The demand not to transgress the bounds of bourgeois democracy signifies in practice not a defense of the democratic revolution but a repudiation of it,” wrote Trotsky. Ibarruri and the other Stalinist leaders demanded that the proletariat, rather than advancing a revolutionary agrarian program that would have won the support of the peasant masses, instead surrender to the demands of the commercial, industrial and banking bourgeoisie and the bourgeois intelligentsia depending on them....

Two irreconcilable programs thus confronted each other on the territory of republican Spain. On the one hand, the program of saving at any cost private property from the proletariat, and saving as far as possible democracy from Franco; on the other hand, the program of abolishing private property through the conquest of power by the proletariat. The first program expressed the interests of capitalism through the medium of the labor aristocracy, the top petty-bourgeois circles, and especially the Soviet bureaucracy. The second program translated into the language of Marxism the tendencies of the revolutionary mass movement, not fully conscious but powerful. Unfortunately for the revolution, between the handful of Bolsheviks and the revolutionary proletariat stood the counterrevolutionary wall of the popular front.

(Leon Trotsky, The Spanish Revolution (1931-39), Pathfinder, pp. 307-14)

When the Spanish working class rose up against its capitalist exploiters in the midst of the civil war itself, the Stalinists led the forces of bourgeois counterrevolution. “The hounding of ‘Trotskyists,’ POUMists, revolutionary anarchists and left Socialists; the filthy slander; the false documents; the tortures in Stalinist prisons; the murders from ambush—without all this the bourgeois regime under the republican flag could not have lasted even two months. The GPU proved to be the master of the situation only because it defended the interests of the bourgeoisie against the proletariat more consistently than the others, i.e., with the greatest baseness and bloodthirstiness.”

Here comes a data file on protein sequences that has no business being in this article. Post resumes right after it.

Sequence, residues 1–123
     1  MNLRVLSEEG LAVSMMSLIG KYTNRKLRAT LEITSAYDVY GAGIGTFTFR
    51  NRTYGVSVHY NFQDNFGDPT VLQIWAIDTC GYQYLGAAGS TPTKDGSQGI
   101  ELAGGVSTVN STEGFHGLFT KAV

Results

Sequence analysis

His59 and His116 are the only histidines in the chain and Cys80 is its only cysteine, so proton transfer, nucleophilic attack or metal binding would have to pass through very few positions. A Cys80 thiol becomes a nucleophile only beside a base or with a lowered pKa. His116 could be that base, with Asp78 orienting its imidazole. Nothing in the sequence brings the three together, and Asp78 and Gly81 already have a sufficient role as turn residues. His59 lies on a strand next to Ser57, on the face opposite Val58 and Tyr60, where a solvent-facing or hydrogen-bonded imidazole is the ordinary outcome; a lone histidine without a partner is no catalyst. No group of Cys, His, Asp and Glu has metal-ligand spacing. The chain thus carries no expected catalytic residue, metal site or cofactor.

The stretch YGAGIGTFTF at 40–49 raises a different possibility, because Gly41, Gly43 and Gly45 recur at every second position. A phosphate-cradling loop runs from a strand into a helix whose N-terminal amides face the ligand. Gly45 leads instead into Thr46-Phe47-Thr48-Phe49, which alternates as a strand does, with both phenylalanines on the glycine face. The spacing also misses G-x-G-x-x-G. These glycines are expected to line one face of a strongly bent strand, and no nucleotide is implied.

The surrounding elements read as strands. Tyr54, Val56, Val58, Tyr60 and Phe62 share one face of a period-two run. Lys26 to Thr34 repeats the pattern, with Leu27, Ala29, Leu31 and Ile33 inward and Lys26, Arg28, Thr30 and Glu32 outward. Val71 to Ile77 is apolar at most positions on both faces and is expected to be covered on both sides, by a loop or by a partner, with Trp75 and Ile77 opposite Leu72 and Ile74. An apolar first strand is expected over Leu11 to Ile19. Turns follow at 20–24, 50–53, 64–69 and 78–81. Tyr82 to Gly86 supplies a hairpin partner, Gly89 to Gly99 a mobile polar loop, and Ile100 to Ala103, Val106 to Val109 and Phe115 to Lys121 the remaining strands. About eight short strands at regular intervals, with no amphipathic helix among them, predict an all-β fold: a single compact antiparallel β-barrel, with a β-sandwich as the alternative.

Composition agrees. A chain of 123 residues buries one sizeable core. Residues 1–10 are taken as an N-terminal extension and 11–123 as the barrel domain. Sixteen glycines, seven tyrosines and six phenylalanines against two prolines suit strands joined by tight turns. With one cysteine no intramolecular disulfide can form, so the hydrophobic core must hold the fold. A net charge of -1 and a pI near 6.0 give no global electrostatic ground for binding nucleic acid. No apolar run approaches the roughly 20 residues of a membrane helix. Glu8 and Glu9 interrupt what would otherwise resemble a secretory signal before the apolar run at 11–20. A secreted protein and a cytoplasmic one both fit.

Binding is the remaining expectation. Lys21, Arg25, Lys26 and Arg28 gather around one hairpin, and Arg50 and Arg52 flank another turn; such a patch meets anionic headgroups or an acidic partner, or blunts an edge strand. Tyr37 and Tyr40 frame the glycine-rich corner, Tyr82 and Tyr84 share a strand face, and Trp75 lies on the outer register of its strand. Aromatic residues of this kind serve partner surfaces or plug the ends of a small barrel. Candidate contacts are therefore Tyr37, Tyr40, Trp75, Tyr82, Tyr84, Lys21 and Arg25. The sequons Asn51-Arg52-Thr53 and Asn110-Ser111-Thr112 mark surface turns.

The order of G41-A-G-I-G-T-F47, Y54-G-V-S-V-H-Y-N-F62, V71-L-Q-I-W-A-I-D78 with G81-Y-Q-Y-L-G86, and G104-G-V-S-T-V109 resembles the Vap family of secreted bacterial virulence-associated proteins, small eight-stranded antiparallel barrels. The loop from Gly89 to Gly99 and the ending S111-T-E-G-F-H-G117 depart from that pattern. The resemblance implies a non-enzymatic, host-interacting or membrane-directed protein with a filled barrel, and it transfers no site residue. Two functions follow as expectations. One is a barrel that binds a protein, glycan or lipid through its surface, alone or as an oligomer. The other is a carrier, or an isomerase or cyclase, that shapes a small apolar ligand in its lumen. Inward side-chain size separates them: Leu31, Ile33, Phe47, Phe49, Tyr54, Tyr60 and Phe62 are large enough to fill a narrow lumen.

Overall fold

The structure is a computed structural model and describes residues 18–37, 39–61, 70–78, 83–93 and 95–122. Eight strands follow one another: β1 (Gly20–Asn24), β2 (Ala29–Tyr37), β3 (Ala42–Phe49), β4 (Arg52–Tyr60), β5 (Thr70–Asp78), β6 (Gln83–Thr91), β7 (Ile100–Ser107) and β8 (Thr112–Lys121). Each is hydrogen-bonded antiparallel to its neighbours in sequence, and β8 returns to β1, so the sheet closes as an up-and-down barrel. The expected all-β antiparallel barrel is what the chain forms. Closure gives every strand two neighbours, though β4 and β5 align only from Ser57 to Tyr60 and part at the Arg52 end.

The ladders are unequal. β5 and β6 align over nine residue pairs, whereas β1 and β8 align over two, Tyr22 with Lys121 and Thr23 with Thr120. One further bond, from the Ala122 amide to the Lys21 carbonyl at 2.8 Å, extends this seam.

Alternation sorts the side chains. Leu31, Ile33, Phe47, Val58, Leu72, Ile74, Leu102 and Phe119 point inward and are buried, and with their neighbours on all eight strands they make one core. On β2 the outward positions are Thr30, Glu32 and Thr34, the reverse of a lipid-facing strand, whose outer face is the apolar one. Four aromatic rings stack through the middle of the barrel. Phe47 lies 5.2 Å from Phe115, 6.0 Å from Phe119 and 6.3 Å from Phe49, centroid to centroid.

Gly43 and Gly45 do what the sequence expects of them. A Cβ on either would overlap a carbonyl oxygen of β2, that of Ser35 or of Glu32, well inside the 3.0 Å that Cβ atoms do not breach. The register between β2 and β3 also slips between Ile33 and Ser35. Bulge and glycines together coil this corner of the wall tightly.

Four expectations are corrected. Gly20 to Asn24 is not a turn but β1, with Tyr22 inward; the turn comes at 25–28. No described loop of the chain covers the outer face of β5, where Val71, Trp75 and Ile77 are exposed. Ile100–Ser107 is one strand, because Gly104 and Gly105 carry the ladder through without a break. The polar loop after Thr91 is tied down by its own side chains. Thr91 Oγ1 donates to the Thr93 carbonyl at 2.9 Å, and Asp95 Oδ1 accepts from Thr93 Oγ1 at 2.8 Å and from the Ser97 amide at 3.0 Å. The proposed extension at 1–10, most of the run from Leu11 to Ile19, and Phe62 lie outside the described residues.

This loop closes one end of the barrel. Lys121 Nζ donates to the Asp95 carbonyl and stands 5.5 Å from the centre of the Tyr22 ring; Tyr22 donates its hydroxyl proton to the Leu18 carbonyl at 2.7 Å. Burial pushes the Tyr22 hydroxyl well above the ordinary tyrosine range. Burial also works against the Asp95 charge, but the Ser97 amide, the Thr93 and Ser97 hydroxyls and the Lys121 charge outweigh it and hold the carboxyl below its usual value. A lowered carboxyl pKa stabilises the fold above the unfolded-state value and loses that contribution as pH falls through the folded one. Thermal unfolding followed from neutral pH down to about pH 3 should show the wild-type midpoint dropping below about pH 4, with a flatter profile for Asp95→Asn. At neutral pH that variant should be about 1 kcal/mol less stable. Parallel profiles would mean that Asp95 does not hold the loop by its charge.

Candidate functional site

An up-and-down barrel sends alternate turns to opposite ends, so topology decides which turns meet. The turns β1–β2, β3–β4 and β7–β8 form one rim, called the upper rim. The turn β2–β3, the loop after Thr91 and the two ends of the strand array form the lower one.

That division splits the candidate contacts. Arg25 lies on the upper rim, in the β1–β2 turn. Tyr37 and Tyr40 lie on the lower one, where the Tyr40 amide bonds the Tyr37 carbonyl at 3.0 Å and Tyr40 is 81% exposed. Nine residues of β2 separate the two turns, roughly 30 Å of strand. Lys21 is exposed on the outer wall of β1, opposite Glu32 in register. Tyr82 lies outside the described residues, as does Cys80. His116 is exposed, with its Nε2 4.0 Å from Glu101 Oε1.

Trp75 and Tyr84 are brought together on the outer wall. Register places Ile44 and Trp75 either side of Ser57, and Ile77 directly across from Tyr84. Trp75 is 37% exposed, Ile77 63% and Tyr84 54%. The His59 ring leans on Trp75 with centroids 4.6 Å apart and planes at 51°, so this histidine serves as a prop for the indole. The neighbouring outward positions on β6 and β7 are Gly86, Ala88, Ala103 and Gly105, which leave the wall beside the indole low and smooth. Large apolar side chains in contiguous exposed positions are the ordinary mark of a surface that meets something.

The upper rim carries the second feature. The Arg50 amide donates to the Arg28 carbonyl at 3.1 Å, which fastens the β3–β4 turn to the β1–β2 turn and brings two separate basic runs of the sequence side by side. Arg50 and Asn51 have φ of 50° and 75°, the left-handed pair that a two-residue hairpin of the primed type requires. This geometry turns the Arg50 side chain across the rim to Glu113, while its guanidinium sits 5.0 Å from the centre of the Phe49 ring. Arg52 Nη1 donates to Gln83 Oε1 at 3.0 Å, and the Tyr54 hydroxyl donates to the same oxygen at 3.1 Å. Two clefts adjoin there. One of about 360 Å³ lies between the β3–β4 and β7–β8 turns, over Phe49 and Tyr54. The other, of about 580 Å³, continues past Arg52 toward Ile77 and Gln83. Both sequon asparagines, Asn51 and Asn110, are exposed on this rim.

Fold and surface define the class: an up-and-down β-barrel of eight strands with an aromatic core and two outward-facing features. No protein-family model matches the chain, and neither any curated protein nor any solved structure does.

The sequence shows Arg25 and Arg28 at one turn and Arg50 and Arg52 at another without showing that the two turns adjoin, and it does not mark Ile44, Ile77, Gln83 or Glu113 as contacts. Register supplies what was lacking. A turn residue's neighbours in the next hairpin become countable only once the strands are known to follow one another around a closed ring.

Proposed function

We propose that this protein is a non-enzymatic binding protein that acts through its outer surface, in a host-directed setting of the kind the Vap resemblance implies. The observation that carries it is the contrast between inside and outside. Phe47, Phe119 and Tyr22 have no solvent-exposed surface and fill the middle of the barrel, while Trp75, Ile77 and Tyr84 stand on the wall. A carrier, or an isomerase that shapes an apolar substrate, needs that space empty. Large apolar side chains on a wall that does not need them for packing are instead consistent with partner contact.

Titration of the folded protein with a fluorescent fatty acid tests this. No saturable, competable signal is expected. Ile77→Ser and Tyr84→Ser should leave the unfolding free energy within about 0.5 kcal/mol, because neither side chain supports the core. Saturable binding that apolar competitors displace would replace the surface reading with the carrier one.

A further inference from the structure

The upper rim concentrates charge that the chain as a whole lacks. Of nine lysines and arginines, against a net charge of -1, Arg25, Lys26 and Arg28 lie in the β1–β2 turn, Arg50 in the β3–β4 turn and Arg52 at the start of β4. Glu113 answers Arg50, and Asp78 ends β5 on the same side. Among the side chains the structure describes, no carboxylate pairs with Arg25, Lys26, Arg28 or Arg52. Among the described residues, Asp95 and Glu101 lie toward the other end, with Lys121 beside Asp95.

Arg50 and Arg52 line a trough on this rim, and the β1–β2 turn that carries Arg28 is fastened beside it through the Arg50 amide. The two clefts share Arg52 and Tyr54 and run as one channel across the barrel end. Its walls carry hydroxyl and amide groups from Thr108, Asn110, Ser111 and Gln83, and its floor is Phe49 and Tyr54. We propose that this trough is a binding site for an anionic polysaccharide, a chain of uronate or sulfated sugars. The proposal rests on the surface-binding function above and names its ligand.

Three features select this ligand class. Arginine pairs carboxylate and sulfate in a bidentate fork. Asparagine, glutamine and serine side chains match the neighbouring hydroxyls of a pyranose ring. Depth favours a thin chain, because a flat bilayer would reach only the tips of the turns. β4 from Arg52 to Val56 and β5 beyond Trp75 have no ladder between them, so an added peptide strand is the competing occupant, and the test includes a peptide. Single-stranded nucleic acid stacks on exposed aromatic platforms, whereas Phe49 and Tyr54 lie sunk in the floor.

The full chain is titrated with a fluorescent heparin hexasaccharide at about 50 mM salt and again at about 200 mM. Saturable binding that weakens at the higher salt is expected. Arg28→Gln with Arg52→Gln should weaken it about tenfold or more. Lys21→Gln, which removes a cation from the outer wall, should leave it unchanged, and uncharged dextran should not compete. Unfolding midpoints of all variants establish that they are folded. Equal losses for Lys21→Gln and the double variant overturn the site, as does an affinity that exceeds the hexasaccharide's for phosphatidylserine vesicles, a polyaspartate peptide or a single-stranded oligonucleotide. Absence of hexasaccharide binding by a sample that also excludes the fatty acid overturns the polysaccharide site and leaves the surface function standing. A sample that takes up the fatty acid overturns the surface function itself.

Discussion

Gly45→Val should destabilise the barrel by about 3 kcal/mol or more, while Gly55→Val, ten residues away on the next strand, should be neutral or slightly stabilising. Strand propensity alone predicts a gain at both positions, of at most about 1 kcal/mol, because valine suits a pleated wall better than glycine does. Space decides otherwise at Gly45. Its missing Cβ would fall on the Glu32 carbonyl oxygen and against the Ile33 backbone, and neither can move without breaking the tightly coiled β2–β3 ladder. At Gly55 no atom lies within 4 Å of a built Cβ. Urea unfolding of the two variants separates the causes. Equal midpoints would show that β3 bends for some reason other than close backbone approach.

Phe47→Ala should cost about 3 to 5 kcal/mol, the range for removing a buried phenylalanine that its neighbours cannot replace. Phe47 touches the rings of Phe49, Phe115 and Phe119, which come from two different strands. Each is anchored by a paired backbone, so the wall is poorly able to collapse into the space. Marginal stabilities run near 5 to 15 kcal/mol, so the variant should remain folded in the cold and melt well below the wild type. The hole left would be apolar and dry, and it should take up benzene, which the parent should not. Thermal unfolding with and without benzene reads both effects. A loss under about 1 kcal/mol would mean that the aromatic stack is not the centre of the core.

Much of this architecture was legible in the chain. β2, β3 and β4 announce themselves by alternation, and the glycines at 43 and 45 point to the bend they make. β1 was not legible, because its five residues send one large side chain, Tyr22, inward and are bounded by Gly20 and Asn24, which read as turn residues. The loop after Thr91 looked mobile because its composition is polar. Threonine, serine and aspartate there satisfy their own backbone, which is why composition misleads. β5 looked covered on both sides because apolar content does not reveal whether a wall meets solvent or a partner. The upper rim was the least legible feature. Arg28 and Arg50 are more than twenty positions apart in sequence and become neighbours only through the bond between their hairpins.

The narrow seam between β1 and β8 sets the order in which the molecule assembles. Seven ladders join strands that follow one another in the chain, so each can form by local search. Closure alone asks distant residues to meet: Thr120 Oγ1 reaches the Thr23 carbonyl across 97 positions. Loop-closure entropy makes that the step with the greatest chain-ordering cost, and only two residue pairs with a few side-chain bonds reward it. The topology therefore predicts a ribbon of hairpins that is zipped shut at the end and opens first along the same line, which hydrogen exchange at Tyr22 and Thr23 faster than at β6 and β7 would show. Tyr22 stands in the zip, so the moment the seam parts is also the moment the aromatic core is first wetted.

After Stalinism had betrayed the revolution, Ibarruri and other CP leaders made their way to exile in Moscow. Ibarruri spent nearly 40 years in the Soviet Union, returning to Spain only in 1977, at the age of 81, two years after the death of Franco. After her decades of political experience, she remained an unreconstructed admirer of Stalin, telling an interviewer as late as 1983 that Stalin was the most “impressive” of the leaders she had met during her life.

Meanwhile, the Spanish Stalinists had pioneered the development of the rightwing “Eurocommunist” trend, taking the opportunist policies of Stalinism to their logical conclusion and more and more abandoning even any verbal professions of Marxism. These “Euro-Stalinists” were sometimes embarrassed by Ibarruri’s steadfast defense of the Stalinist past, but there were no fundamental differences on the essential basis of Stalinism—its repudiation of revolutionary struggle and its defense of the doctrine of “socialism in a single country.” Ibarruri remained a titular leader of the Spanish CP, and a representative in parliament for a number of years.

In their obituary notices, the New York Times and other leading journals of bourgeois opinion have gone out of their way to pay tribute to La Pasionaria as a historical figure and for her supposedly “indomitable stand” during the civil war. If these spokesmen of imperialism tactfully pass over Ibarruri’s role in the bloody crimes against the working class, it is not because they have forgotten them. On the contrary, they are grateful for the role of Stalinism as the executioner of revolutionists. The death of Ibarruri also coincides with increasingly open collaboration of Moscow and Washington against the working class in the USSR, the United States and internationally.